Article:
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How to prevent an Egyptian uprising from happening in the rest of Africa

Discussion in 'Jukwaa la Siasa' started by Adili, Feb 19, 2011.

  1. A

    Adili JF-Expert Member

    #1
    Feb 19, 2011
    Joined: Nov 3, 2007
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    #editorschoice { DISPLAY: none}#breakingnews { DISPLAY: none}#nav { DISPLAY: none}.c35r { DISPLAY: none}.leaderboardad { DISPLAY: none}.halfbanner { DISPLAY: none}#articlepagecontent { WIDTH: 100%}A { COLOR: #000; TEXT-DECORATION: none}Opinion
    How to prevent an Egyptian uprising from happening in the rest of Africa

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    By KWAMCHETSI MAKOKHAPosted Friday, February 18 2011 at 19:15

    A week ago today, 21 days of bedlam and mayhem finally got to Hosni Mubarak, and his patience snapped. He took a plane to Sharm-el-Sheikh, leaving those unruly Egyptians to their devices.
    Mr Mubarak was the saviour of Egypt, having put away billions in family assets over the 30 years he was president. The savings are enough money to fund the budgets of the five East African Community nations for five years. He could still have saved more had he completed his life term in office.
    As the vote counting gets under way in Uganda after yesterday’s presidential election, the government there and in other African states, needs to take lessons from Egypt lest wildly popular leaders snap and give in to hoodlum pressure.
    Egypt has been living under emergency law since 1967 during its war with Israel. The emergency law was lifted briefly in 1980 but was returned after Mr Mubarak’s predecessor, Mr Anwar Sadat, was assassinated in 1981.
    You would have thought that with the extended police powers, hungry people would be prevented from assembling. Public demonstrations were banned and 17,000 hotheads were in prison but still the country succumbed to the mob because of a few security lapses.
    An autopsy of the events in Egypt reveals that a highly seditious pamphlet, entitled How to Protest Intelligently, was being circulated to poison the people’s minds. Governments that want to prevent an Egypt-style revolution need to ban the circulation of this publication in print, online and by word of mouth.
    Besides banning the pamphlet, security forces should read it to better prepare for the few disgruntled youth intent on deposing popular governments on the continent.
    The first counter-strike should be against the attempt to co-opt the security services into the so-called revolution. In Egypt, demonstrators printed and displayed signs with words such as ‘Police and the People Stand Together against Oppression!’.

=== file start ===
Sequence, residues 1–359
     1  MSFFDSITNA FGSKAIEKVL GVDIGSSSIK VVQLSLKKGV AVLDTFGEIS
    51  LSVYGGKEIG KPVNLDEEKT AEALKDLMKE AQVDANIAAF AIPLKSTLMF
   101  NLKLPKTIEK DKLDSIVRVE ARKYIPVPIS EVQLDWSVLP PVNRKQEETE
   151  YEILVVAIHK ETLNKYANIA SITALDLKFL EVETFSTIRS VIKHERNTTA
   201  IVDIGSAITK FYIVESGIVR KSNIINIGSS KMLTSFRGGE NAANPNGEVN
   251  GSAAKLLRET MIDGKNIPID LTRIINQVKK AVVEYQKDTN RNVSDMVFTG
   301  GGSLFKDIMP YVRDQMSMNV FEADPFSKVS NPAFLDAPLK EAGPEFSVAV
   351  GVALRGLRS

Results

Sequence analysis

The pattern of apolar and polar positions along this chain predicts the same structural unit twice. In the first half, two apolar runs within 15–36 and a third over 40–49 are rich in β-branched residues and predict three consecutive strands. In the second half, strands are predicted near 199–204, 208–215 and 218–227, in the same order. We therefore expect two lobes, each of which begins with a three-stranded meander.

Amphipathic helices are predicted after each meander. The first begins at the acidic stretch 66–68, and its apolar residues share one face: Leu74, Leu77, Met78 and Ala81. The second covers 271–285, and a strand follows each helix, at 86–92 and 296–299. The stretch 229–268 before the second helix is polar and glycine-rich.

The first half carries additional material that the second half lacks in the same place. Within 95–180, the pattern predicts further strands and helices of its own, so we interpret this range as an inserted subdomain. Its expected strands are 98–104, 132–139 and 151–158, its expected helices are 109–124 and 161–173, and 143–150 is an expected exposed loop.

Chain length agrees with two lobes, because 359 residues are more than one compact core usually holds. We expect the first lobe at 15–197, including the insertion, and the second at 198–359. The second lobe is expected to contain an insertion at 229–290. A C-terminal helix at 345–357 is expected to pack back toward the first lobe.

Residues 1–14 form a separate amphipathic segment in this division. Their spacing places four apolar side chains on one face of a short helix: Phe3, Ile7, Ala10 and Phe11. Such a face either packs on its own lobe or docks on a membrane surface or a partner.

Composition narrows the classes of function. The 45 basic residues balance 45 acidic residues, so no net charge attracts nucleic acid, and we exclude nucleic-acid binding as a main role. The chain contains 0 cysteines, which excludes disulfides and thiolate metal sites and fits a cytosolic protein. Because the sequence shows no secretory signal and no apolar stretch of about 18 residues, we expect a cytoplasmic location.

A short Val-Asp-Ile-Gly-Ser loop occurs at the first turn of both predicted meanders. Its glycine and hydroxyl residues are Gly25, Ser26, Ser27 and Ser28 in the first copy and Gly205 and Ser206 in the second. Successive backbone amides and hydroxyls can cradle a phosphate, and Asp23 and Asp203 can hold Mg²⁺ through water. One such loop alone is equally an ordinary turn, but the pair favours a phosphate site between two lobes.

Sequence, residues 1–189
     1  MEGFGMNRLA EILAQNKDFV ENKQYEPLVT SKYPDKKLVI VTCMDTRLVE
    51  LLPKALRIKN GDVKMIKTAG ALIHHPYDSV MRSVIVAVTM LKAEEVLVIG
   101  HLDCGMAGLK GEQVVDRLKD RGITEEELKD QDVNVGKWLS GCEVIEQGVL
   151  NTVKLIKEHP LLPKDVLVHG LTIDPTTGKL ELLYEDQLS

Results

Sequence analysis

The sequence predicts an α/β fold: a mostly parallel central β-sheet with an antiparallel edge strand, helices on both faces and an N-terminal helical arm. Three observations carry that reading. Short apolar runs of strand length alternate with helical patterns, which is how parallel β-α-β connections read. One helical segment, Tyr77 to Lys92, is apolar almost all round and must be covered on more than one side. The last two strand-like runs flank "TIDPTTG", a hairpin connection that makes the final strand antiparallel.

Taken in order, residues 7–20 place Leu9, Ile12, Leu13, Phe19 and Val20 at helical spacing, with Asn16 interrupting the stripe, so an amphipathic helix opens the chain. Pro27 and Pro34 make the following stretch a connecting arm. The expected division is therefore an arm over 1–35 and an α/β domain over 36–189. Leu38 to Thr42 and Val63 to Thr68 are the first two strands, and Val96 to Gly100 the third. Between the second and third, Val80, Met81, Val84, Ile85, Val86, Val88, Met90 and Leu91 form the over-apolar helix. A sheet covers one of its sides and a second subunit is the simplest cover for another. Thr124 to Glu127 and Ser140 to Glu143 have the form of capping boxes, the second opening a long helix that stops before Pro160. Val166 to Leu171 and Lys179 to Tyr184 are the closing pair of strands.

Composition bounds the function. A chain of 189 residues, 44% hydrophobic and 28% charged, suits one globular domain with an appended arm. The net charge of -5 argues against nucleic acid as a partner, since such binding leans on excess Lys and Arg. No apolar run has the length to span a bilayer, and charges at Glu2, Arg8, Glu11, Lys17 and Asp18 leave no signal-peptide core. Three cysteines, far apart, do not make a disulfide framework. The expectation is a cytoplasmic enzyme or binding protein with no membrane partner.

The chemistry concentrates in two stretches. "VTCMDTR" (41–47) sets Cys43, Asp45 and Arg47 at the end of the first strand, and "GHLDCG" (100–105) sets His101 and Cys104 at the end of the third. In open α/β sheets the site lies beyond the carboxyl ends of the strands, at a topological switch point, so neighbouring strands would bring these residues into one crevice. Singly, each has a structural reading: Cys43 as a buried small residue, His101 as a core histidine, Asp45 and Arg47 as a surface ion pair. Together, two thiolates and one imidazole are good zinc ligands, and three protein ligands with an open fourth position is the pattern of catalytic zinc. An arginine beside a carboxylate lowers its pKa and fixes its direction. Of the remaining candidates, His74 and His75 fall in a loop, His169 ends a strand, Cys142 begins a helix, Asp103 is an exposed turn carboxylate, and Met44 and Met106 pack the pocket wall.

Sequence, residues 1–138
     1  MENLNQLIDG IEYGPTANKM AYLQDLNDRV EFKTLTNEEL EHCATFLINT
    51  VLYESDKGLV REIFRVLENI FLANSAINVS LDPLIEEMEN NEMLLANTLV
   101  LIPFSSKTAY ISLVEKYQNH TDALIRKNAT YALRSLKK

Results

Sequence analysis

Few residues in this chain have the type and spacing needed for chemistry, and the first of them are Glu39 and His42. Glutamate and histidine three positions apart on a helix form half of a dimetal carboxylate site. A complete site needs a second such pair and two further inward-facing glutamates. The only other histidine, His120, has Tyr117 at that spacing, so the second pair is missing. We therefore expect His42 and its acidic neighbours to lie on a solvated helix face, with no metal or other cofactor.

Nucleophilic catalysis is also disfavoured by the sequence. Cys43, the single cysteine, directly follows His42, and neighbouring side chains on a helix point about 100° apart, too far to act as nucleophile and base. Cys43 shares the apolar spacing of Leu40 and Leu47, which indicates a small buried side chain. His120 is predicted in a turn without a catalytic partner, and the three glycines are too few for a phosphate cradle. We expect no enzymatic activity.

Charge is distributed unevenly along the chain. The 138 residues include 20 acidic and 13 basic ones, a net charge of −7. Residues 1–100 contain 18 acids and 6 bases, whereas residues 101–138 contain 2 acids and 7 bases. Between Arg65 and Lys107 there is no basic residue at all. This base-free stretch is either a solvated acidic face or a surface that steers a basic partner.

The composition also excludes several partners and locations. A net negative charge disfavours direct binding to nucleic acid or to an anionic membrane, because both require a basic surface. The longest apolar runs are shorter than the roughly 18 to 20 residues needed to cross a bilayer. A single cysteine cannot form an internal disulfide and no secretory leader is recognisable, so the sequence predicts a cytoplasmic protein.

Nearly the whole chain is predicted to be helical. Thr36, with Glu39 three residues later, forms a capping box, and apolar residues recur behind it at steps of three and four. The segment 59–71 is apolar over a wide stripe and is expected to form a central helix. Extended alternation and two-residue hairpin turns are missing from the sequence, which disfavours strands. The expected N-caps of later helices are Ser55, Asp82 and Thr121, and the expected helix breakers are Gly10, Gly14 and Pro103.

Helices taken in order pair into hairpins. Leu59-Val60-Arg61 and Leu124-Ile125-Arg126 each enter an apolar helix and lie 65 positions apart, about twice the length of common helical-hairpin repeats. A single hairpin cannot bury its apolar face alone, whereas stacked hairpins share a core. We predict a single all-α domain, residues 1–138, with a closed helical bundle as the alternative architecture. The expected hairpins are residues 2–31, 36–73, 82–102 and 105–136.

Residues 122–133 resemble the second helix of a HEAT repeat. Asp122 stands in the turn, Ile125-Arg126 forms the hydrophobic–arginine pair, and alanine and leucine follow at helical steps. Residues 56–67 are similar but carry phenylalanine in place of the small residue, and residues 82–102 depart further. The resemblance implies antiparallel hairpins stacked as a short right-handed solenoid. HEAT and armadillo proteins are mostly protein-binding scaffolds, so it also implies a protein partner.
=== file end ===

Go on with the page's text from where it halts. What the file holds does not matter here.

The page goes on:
Civilians befriending members of the police, the army, the wildlife service and so on should be criminalised. The government should increase the social distance between the disciplined forces and the public, while encouraging prospective protesters to rat on each other.
    Secondly, purely as a preventive measure, people should be discouraged from having more than three friends and neighbours, lest they start assembling with them in residential areas, forming a large group and then walking towards major streets, government buildings and other public spaces. If people want to demonstrate, let them do it as lone individuals instead of seeking safety in numbers.
    Thirdly, shouting positive slogans and encouraging others to join a demonstration should be illegal. Supplying the police with noise meters would keep the shouting to a minimum and prevent a demonstration.
    Lastly, governments must restrict the purchase of a number of items that could jeopardise public order. Buying plastic bags, liquid soap, towels and spray cans should only be allowed after obtaining the necessary government licensing.
    In Egypt, demonstrators poured liquid soap in plastic bags and threw it under the armoured personnel carriers and other police vehicles. The vehicles became unstable on the road and could not deliver anti-riot personnel to battle zones in time.
    Wet towels would be stuffed in the vehicle exhaust pipes, thus stalling the vehicles; and the windscreens would be sprayed in red, blue and even white paint.
    Spray paint was used in Egypt to colour surveillance cameras and the windshields of the armoured vehicles. Officers wearing helmets with visors also got sprayed and had to choose between sight and safety. This must not be allowed to recur.
    Considering how much governments in Africa spent on buying tear gas, it is a shame that people should be able to make it ineffective by splitting an onion and sniffing it, as people in Egypt did. The purchase of large quantities of onions must be outlawed in the rest of Africa. The same goes for vinegar, which is said to be used for similar purposes.
    Cooking pans and dustbins should no longer be sold with lids, lest youth bent on demonstrating turn them into shields for blocking police truncheons, rubber bullets and tear gas canisters.
    Efficient spy agencies should be on the look-out for increased purchases of sweatshirts or leather jackets with a hood, protective eye goggles and scarves. Purchases of running shoes should also be restricted to licensed athletes. These items are dead giveaways for people intending to riot or otherwise come into contact with tear gas.
    Banning Facebook and Twitter is just the beginning. Following these simple steps would close all avenues open to youthful rioters and save the rest of Africa an uprising.
    kwamchetsi@formandcontent.co.ke
     
  2. BONGOLALA

    BONGOLALA JF-Expert Member

    #2
    Feb 19, 2011
    Joined: Sep 14, 2009
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    Thanks very much for your tacticts!may god bless us so that we can use them on chasing out ccm ASAP!
     
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